Daniel Thwaites | Martin Henry didn’t think too much
Martin Henry was an oddity of the best kind. He often pointed to his unlikely beginnings as a Gleaner columnist, which began in response to an ad asking ‘Do you have interesting views on national and international issues?’ Martin had these in abundance.
I’ve been reading through many of his columns in the wake of his death. It confirmed what I already knew, which is that Martin was able to put complex thoughts down into digestible bits for his readers and to relate those thoughts to contemporary events in a useful way.
Most columnists, myself most notoriously, have precious little depth. We’re bubble-gum. Indistinguishable wildebeest among the “herd of independent thinkers”. But there are some other few, like Martin, who work at a different level, and who telegraph that simmering below the surface are great reserves of thinking and reflection.
Where else in our national papers would you find someone critiquing the French Revolutionary Cult of Reason? That’s not something taught or even entertained in our parts. Where else could you find searing indictments of the new humanist religion, aptly and accurately identified as a competitor to Christianity? In Martin’s columns. Regularly, I would enjoy his egregious crimes of wrongthink.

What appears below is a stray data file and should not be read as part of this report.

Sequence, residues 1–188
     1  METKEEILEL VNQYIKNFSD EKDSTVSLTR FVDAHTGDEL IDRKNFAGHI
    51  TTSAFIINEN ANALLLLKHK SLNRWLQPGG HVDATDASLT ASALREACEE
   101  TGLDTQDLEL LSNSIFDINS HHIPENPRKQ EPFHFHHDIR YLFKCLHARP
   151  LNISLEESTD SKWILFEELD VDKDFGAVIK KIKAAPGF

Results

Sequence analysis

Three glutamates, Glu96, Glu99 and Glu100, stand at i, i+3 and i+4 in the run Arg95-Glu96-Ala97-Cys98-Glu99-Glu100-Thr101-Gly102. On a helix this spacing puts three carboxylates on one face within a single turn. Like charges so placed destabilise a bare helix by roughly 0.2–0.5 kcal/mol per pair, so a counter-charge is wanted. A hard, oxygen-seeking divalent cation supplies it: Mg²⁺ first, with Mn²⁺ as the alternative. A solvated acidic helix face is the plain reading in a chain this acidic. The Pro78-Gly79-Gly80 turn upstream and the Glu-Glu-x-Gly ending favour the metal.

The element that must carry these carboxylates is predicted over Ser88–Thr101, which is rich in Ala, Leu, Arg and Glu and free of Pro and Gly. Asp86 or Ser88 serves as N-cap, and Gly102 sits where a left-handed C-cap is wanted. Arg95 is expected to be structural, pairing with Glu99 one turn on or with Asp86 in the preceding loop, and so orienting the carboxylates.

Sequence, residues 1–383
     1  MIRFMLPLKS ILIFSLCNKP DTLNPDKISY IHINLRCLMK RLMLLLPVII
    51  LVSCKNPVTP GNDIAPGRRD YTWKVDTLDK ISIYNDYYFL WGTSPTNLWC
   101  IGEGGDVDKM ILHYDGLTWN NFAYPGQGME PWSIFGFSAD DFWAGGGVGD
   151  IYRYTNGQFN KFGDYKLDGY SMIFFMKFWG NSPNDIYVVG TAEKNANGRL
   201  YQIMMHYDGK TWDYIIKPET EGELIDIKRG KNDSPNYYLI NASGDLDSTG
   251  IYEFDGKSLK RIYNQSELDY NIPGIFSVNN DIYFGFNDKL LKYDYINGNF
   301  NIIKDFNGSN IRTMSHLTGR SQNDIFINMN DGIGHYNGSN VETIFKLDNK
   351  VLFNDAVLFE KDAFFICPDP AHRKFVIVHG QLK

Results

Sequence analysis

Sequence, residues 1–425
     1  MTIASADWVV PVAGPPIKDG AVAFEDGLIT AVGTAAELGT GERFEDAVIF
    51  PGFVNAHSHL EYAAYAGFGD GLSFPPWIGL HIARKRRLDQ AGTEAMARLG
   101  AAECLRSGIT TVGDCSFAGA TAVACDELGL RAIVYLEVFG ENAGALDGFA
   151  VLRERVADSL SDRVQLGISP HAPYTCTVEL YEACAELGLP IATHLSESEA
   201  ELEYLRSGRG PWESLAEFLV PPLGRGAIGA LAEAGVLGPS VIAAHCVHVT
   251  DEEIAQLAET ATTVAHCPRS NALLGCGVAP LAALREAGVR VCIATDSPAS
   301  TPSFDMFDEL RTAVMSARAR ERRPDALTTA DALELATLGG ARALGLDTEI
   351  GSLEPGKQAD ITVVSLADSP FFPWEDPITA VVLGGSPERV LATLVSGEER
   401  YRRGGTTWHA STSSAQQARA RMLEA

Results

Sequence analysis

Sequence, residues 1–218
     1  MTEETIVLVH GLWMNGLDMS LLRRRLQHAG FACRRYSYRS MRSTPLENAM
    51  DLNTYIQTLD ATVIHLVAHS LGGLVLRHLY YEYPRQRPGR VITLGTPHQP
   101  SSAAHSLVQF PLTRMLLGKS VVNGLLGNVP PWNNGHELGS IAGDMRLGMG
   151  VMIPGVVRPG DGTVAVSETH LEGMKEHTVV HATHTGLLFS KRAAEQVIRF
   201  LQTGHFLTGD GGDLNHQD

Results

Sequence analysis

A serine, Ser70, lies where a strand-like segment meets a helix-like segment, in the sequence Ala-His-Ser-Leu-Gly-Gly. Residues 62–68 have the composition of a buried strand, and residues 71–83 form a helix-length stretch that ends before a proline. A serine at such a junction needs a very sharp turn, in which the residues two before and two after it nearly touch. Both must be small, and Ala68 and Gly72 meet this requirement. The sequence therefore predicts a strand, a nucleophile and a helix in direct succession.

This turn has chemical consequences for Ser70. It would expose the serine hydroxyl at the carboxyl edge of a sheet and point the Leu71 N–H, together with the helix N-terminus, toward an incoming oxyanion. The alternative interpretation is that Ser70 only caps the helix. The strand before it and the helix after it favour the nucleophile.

I didn’t know Martin very well personally, but even a minimally perceptive reader, after digesting his output for years, will consider: “What makes this guy tick?” And even though he was a complex thinker, that wasn’t difficult to figure out with him. It was his deep Protestant-Christian beliefs coupled with a training in science. And a love for Jamaica.
This long-held suspicion was confirmed when he was found in the back-hills of St Andrew, and we’re talking up in some good bush, thundering forth, Bible in hand, to God’s people. I have no doubt that the newspaper columns were the sanitised versions of the testament.
The columnist makes choices every week, and Martin opted for a degree of challenge for his readers, along with an approach to content, style, and tone tailored to sober edification.
On the 20th anniversary of his column, he reflected:
“I would imitate no one … I opted for cool balance, philosophical and moral reflection, historical grounding, problem-solving advocacy, ‘Come now and let us reason together’.”
I could respect that. Not always my choice. But I dig it.
Martin’s choice of topic
I also tended to like Martin’s choice of topic: